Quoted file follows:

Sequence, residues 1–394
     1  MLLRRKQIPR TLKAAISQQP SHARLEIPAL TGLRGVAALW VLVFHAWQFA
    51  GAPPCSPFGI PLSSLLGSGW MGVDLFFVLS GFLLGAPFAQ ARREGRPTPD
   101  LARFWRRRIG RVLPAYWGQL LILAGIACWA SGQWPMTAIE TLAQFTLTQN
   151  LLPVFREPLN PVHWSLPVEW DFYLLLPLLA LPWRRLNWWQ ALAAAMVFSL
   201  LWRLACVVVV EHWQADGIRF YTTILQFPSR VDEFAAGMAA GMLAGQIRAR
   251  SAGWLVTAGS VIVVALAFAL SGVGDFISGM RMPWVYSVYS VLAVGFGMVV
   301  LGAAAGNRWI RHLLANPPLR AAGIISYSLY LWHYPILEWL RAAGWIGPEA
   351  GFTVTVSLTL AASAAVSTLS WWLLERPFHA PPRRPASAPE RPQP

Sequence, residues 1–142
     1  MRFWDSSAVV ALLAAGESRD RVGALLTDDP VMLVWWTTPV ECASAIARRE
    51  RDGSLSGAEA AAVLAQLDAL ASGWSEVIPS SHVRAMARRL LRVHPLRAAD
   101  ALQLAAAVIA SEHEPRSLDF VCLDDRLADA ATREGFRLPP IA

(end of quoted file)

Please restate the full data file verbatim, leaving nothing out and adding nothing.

Sequence, residues 1–394
     1  MLLRRKQIPR TLKAAISQQP SHARLEIPAL TGLRGVAALW VLVFHAWQFA
    51  GAPPCSPFGI PLSSLLGSGW MGVDLFFVLS GFLLGAPFAQ ARREGRPTPD
   101  LARFWRRRIG RVLPAYWGQL LILAGIACWA SGQWPMTAIE TLAQFTLTQN
   151  LLPVFREPLN PVHWSLPVEW DFYLLLPLLA LPWRRLNWWQ ALAAAMVFSL
   201  LWRLACVVVV EHWQADGIRF YTTILQFPSR VDEFAAGMAA GMLAGQIRAR
   251  SAGWLVTAGS VIVVALAFAL SGVGDFISGM RMPWVYSVYS VLAVGFGMVV
   301  LGAAAGNRWI RHLLANPPLR AAGIISYSLY LWHYPILEWL RAAGWIGPEA
   351  GFTVTVSLTL AASAAVSTLS WWLLERPFHA PPRRPASAPE RPQP

Sequence, residues 1–142
     1  MRFWDSSAVV ALLAAGESRD RVGALLTDDP VMLVWWTTPV ECASAIARRE
    51  RDGSLSGAEA AAVLAQLDAL ASGWSEVIPS SHVRAMARRL LRVHPLRAAD
   101  ALQLAAAVIA SEHEPRSLDF VCLDDRLADA ATREGFRLPP IA